0 upvotes
Menneisyys
By Menneisyys (Feb 12, 2013)

What do you exactly want to do? Import images? You already can with the new CCK. Remote control your camera via a cabled connection? You won't see anything like that, "thanks" to Apple's restrictions.

0 upvotes
Trollshavethebestcandy
By Trollshavethebestcandy (Feb 11, 2013)

It needs a FB, Twitter and Instagram button to show the world at lightning speed only 1% of people who own these cameras actually take good pics and can use the camera at full potential.

2 upvotes
Cane
By Cane (Feb 11, 2013)

Sometimes inner monologue is better.

11 upvotes
Trollshavethebestcandy
By Trollshavethebestcandy (Feb 11, 2013)

Hmmmmm. Is he the 99% or 1%? I'm guessing the 99%. Inner dialogue is much better than inner monologue ;)

3 upvotes
micahmedia
By micahmedia (Feb 12, 2013)

@Trollshavethebestcandy, where's your superior shots?

1 upvote
Trollshavethebestcandy
By Trollshavethebestcandy (Feb 12, 2013)

I am in the the 99%
all my best photos have been taken with my eyes and stored on my grey matter drive. Bad print quality but great dynamic range and detail. My best shots have been taken at the range at 1,000 yards

Comment edited 3 minutes after posting
5 upvotes
hugh crawford
By hugh crawford (Feb 11, 2013)

What use is 4K at 25fps ? Just curious.

As far as I know there is no display standard for 4K 25fps and 4K is a ciniema production standard for movie theaters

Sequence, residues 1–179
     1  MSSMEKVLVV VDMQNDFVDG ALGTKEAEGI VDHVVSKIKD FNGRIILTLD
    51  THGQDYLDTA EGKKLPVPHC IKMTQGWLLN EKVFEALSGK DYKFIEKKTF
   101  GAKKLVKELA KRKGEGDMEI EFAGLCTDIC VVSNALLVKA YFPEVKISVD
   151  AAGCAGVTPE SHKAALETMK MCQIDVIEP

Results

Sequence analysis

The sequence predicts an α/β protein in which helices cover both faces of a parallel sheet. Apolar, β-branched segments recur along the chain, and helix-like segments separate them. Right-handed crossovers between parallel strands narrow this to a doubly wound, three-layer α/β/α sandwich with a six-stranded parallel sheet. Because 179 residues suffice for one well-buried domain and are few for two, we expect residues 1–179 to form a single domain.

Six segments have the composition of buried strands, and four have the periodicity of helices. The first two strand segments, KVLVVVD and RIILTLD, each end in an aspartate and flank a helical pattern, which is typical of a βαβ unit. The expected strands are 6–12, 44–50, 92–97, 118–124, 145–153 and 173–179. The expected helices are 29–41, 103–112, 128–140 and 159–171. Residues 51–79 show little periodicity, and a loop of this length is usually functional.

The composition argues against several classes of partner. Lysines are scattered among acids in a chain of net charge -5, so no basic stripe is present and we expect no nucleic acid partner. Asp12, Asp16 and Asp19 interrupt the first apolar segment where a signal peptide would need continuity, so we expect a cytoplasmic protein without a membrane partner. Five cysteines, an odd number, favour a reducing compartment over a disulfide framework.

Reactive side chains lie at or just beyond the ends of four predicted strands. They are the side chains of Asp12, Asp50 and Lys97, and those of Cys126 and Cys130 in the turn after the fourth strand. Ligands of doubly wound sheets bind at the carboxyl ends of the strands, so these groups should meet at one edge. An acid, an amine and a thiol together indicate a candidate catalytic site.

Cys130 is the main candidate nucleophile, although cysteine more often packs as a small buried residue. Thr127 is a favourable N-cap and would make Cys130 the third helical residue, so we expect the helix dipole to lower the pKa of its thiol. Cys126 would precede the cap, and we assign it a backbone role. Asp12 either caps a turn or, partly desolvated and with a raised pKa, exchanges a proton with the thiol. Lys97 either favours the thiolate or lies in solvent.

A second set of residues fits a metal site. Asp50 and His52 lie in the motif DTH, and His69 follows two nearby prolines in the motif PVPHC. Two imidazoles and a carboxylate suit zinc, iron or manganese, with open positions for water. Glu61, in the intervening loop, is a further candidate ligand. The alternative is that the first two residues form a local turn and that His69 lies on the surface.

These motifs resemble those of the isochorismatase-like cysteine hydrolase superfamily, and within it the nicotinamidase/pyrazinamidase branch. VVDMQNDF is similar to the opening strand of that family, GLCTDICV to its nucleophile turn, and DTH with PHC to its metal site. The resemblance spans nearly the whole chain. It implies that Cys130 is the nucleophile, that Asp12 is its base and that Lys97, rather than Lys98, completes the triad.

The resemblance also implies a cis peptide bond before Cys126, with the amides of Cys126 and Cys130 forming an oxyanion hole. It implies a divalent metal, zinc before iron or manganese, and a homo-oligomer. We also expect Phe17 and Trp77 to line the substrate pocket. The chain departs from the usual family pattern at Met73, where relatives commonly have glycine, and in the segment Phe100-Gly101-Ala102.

It's not like they have a 4K at 30fps option either.

3 upvotes
J Birn
By J Birn (Feb 12, 2013)

What's the point? Lots of points!
1. Think of it as a "burst mode" that captures 8MP stills, but can grab 25 of them in a second.
2. Allows for post-production, including zooming & cropping into an image, to output full HD video.
3. Capture panoramas with ultra-wide adapters, then crop down to the part you need.
4. As you said, 4K is already a standard in theaters.

4 upvotes
Alec
By Alec (Feb 12, 2013)

@ J Birn, I think Hugh means what's the point of 25fps specifically - there's a standard for 4K at 24fps but to me it seems he questions the added value of 25fps. There's a legacy affinity in Europe for 25fps being half of 50Hz (their local refresh rate), but their tech has long been capable of displaying 24fps correctly,

1 upvote
mgrum
By mgrum (Feb 12, 2013)

Once again it is necessary to point out that you don't need 4K broadcast/viewing setup in order to make use of 4K recording.

A 4K bayer sensor camera downsampled to 2K will look much better than a 2K bayer sensor image. The difference is akin to that of foveon vs. bayer.

Also it is better to do green screen and compositing work at a higher resolution and then downsample.

So the point of this mode is to produce high quality footage for 1080p25 broadcast in Europe.

0 upvotes
Octane
By Octane (Feb 11, 2013)